Looking for emotion and sentiment? Aasal doesn't have much of either, but in any case, either of these would have been a little out of place. The father-son bond and love is shown in an understated manner - after all, they ARE people dealing with all sorts of high-stakes traders and dangerous men. Their very nature doesn't allow them to be cold and precise in one scene and melodramatic in another. Of course, Siva going out of his way to rescue his half-brothers who hate him is perhaps the biggest example of how much he cares for his father's words and that his family stays together. Meanwhile, on the romance front: Sarah's love for Siva has been long-standing - for over 15 years; but she hasn't had the courage to tell him of it. They also share a friendship and camaraderie which is different from the usual "masala" movies of feminine charms on a macho stud. Sulabha's affections for Siva are different and tinged with hues of uncertainty and envy. But which one of them gets Siva? Here, the decision is bound to satisfy the non-urban audiences.
The Thala Mania
Thala Ajith himself doesn't mouth his superiority with clichéd punch dialogues. But there is quite a bit of Thala-mania in the other protagonists' conversations! "Airport po, thala varum", "Dai, dai, dai, ange po, Thala, ange, Thale paatheyaa!" and such insertions of the word Thala and Thalai in others' dialogues are evident throughout the film. Of course, we must remember that this movie is for action movie buffs and Ajith fans - THEY are bound to be screaming in jubilation at this!
Unfortunately, the music of Bharadwaj, though interesting with songs inserted in the right places in the movie, doesn't match up to the otherwise superior look and feel of the movie when listened to on the radio or your music system. On the other hand, they are definitely better on the big screen where the visuals enhance the sound, so it's not such a loss after all. Similarly, while we would rate Aasal higher in the substance-factor as compared to another slick and international-looking movie like Billa (whose biggest plus was the fantastic visuals by Nirav Shah), the cinematography of Prashanth (formerly assistant to Nirav) needed a little more consistency and work. But we watched Aasal's preview on a smaller screen, so perhaps the richness and cool de-sat feel would be better seen on bigger and more technological advanced screens.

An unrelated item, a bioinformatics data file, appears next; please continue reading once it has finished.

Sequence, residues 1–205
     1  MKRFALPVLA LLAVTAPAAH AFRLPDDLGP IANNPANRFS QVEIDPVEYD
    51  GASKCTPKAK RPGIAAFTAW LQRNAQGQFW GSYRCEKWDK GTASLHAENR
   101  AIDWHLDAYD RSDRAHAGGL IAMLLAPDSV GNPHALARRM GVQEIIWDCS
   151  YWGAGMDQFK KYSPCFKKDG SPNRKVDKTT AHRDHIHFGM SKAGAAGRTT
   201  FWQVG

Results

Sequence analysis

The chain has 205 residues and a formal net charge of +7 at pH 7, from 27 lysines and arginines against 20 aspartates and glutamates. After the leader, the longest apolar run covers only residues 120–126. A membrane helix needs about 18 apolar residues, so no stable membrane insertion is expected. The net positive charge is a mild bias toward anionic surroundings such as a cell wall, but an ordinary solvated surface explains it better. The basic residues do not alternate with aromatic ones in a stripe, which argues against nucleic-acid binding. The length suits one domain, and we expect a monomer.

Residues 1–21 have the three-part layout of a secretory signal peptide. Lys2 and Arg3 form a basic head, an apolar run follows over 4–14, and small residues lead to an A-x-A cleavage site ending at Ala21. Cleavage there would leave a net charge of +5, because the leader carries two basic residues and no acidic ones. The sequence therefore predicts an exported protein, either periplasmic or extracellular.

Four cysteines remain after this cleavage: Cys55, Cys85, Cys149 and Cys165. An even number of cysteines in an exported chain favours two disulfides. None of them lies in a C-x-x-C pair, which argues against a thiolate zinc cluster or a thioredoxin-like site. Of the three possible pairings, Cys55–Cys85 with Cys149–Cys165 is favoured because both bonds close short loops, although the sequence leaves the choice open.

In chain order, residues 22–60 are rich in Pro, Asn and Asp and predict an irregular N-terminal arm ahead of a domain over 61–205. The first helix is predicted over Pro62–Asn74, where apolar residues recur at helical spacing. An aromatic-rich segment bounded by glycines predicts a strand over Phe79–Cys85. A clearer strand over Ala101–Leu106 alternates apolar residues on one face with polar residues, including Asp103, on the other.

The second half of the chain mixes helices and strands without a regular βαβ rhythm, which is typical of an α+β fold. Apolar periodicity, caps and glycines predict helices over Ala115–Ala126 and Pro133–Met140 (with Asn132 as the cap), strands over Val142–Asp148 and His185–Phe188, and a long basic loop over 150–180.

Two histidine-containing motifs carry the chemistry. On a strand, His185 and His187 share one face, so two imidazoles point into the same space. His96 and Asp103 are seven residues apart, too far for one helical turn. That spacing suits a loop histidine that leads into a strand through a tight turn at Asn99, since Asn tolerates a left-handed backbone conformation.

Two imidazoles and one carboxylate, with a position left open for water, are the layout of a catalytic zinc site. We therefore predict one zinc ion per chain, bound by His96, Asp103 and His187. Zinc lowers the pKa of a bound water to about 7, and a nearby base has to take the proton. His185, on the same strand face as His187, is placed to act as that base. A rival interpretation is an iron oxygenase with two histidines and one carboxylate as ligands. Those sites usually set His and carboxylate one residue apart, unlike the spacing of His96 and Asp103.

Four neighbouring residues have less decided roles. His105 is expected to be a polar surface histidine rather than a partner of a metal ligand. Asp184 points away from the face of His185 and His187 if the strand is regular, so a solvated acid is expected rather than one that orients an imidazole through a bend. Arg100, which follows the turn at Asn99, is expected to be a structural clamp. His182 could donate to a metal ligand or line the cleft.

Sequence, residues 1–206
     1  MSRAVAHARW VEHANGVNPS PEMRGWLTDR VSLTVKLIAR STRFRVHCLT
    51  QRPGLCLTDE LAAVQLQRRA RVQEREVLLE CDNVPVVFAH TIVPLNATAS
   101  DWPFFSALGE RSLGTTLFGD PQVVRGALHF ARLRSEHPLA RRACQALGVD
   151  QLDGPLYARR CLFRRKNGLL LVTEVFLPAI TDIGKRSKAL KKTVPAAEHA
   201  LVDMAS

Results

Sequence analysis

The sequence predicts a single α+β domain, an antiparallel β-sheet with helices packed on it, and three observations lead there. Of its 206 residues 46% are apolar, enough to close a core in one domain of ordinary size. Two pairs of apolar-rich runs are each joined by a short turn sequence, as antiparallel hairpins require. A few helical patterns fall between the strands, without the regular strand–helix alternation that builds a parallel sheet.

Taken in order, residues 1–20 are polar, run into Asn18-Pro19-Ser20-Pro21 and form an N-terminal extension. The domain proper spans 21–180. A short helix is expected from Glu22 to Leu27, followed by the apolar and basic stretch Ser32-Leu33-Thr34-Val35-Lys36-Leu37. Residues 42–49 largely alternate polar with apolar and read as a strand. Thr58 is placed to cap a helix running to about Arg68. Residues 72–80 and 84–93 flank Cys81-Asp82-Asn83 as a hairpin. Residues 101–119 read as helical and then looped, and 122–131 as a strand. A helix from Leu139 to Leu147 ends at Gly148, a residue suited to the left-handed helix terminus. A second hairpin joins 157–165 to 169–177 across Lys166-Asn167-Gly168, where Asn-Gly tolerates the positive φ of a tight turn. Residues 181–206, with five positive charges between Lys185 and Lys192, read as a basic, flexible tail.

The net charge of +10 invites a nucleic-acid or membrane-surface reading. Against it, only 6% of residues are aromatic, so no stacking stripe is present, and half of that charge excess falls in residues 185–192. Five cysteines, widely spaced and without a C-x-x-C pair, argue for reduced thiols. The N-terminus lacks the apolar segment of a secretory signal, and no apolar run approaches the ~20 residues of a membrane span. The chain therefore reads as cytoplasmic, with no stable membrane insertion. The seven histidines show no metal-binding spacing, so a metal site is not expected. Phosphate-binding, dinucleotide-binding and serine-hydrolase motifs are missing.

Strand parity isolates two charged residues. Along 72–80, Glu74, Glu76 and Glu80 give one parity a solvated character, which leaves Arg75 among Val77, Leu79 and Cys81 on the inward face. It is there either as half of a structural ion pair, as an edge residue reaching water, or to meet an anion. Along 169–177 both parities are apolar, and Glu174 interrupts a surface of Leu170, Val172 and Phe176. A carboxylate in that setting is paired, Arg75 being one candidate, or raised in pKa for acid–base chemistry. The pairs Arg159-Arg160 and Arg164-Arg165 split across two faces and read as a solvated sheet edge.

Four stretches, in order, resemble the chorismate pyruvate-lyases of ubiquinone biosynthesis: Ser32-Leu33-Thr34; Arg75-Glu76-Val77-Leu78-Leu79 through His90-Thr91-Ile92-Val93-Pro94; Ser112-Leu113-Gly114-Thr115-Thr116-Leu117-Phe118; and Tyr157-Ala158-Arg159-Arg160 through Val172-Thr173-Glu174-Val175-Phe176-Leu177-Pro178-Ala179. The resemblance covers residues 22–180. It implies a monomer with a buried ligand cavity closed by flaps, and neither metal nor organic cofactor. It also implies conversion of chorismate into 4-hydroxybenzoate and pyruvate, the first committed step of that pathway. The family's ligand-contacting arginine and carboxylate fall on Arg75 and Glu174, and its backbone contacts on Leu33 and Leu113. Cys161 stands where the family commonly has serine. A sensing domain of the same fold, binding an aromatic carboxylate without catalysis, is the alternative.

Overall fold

Aasal is a satisfactory movie to watch for Ajith fans and action lovers. It is not easy to bring about the pace and raciness of screenplay as Ajithkumar and Saran have done here. The movie is not too long and ends on a feel-good note. Great action, good visuals and not much to complain about technically. Unlike several action movies that have released in recent times amidst much pomp and hype, Aasal actually has a credible story and screenplay and is definitely not - as they say in Chennai - "blade" to watch. It is well-packaged and can appeal to moviegoers across genres and regions. Finally, a movie one doesn't have to be disgruntled about!
Bring it on! The Sivaji Productions team, spearheaded by stalwarts like Mr. Ramkumar and Prabhu and assisted ably by theit scions Dushyanth and Vikram, have backed a winning horse. This Ajith-starrer is definitely to be watched and enjoyed. Don't come out of a James Bond film or the new Sherlock Holmes blockbuster and start comparing them with Aasal. Just enjoy and appreciate what has been offered to our very own Tamil audiences and sensibilities and encourage filmmakers to try simple, new and effective movies every time.
Review by Shakthi Girish
Please note: Every review on Galatta.com is written by the person who has watched the movie. Therefore, while conscious effort is made to give a fair, unbiased and ethical opinion, every review will have a personal element and opinion to it. Ultimately, every movie experience is a personal one and readers should watch each movie on their own terms.